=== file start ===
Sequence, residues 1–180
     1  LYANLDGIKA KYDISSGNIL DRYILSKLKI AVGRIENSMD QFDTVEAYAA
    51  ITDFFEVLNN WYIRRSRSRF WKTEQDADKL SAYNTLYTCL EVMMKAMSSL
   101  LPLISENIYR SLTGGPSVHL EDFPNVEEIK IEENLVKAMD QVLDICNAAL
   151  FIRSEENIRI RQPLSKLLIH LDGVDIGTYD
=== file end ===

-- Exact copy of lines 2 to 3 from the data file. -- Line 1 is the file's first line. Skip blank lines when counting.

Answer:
     1  LYANLDGIKA KYDISSGNIL DRYILSKLKI AVGRIENSMD QFDTVEAYAA
    51  ITDFFEVLNN WYIRRSRSRF WKTEQDADKL SAYNTLYTCL EVMMKAMSSL